Invertebrate Zoology Rotifera


The rotifers derived their name from the characteristic ciliated organ, the corona, around lobes on the heads of these animals.  The cilia of the corona do not beat in synchrony; instead, each cilium is at a slightly earlier stage in the beat cycle than the next cilium in the sequence.  A wave of beating cilia thus appears to pass around the periphery of the ciliated lobes and gives the impression of a pair of spinning wheels.  (The rotifers were first called “wheel animalicules.”)


Rotifers are small animals (0.1 to 3 mm in length) that are abundant in most freshwater habitats; a few (less than 10%) are marine.  The approximately 2,000 species are divided into three classes.  The body has about one hundred cells, and the organs are eutelic.  Rotifers are usually solitary, free-swimming animals, although some colonial forms are known.  Others occur between grains of sand. The only hard parts of rotifers are their jaws. Because of their mostly soft bodies and small size, rotifers are not commonly favored for fossilization.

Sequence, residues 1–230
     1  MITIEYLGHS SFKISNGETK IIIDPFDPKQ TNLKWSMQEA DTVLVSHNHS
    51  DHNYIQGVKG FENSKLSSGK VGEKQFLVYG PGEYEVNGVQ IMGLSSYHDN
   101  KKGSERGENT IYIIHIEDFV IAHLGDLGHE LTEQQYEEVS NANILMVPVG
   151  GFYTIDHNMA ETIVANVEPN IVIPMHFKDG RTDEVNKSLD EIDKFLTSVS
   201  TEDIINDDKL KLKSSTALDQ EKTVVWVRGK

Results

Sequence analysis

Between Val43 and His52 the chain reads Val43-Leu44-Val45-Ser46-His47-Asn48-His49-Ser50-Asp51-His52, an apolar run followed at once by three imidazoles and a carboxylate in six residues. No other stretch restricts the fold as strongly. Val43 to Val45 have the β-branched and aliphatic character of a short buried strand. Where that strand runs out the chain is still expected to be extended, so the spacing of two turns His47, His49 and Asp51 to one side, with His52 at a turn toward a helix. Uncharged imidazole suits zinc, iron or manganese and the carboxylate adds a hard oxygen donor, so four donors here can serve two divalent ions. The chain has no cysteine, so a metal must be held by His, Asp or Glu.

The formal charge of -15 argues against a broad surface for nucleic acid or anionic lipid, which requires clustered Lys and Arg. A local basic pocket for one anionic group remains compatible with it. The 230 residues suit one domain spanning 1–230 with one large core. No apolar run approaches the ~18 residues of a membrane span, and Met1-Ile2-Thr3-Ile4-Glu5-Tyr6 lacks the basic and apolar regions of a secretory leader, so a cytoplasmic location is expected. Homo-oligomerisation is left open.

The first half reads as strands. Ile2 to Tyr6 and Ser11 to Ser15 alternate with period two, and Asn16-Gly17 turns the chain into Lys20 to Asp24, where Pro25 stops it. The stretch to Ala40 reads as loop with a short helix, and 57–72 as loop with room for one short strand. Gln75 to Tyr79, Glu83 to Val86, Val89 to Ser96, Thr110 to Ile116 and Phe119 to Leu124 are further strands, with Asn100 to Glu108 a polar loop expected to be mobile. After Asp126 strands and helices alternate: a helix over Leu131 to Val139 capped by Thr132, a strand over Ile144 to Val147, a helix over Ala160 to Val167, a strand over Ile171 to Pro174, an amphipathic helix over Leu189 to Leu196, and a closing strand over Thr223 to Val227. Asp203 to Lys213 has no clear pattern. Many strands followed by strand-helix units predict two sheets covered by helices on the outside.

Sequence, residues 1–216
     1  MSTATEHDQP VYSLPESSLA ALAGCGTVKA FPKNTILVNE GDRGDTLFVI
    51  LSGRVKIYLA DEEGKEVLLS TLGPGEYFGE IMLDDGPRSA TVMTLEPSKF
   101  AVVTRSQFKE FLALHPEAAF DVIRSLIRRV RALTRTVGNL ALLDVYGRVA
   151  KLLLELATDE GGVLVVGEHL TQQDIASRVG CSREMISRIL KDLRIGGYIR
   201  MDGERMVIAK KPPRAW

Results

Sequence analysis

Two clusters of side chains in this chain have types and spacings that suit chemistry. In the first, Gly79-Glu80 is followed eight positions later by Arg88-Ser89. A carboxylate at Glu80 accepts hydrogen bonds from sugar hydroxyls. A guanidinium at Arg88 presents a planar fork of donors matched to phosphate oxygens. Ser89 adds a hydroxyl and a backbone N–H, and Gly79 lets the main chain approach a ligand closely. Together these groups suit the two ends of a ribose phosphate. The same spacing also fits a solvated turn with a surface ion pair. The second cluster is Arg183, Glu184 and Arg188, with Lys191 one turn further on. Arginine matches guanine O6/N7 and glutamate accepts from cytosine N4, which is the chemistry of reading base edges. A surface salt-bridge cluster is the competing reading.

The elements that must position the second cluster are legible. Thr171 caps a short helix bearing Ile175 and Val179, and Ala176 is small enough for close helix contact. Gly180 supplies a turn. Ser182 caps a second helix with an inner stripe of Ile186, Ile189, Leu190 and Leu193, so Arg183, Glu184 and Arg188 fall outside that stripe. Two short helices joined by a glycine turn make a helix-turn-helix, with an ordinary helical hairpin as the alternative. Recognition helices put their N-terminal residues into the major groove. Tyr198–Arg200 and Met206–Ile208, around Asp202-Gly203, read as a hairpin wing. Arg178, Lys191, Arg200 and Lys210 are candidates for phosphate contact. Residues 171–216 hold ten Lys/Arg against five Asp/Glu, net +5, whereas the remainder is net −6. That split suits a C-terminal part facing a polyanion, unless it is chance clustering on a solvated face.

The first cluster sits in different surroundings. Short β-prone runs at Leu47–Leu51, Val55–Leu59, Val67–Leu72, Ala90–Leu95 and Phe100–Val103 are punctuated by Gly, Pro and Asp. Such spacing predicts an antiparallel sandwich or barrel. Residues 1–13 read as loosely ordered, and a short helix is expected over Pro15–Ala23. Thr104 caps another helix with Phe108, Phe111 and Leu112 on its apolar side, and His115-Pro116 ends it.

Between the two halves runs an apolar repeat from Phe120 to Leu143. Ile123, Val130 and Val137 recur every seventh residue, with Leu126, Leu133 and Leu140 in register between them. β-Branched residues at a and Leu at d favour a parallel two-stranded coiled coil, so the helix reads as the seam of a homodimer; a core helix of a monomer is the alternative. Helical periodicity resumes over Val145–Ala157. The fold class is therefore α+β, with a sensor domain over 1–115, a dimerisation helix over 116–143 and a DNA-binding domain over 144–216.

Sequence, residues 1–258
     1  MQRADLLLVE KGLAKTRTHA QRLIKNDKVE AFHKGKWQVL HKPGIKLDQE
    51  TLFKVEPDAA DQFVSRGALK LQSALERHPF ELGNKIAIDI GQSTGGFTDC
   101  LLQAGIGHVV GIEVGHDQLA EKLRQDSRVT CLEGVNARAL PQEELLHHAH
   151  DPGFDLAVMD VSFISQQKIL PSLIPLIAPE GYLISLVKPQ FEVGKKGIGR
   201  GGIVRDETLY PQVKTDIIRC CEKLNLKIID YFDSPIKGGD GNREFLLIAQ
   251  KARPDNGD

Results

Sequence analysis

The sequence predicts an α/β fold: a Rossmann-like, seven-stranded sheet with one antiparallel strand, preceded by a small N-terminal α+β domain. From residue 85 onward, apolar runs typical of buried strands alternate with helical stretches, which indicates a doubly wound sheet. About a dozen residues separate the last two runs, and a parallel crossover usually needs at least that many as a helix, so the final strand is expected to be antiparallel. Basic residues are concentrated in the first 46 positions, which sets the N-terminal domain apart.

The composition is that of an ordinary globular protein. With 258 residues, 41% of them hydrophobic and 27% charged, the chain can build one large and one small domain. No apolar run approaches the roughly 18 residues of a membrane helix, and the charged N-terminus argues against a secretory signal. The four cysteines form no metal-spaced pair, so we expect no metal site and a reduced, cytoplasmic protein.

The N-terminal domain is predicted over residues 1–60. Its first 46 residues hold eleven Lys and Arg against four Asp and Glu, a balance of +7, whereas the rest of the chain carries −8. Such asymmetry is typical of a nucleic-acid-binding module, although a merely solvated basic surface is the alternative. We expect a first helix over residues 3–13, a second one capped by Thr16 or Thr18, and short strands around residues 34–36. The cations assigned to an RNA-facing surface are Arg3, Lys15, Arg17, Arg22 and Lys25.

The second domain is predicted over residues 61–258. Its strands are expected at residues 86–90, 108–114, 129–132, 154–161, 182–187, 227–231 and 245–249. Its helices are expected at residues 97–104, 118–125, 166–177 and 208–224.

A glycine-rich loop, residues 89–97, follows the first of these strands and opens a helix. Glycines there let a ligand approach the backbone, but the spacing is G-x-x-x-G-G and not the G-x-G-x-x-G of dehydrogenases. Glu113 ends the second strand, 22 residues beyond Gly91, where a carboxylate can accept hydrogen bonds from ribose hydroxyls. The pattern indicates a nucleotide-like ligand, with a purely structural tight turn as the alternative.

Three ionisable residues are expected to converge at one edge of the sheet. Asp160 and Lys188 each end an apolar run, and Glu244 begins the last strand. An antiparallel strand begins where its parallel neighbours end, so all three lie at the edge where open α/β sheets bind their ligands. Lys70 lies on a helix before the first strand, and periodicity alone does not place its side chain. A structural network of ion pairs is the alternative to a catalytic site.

Based on certain morphological similarities, rotifers and acanthocephalans (the parasitic worms in the phylum Acanthocephala) have long been considered close relatives. Recent comparisons of 18S rRNA gene sequences provide further evidence of close relationship between these two groups.


Phylum Rotifera

1.      Triploblastic, bilateral, unsegmented, pseudocoelomate

2.      Complete digestive system, regionally specialzed

3.      Anterior end often has a ciliated organ called a corona

4.      Posterior end with toes and adhesive glands

5.      Well-developed cuticle

6.      Protonephridia with flame cells

7.      Males generally reduced in number or absent; parthenogenesis is common


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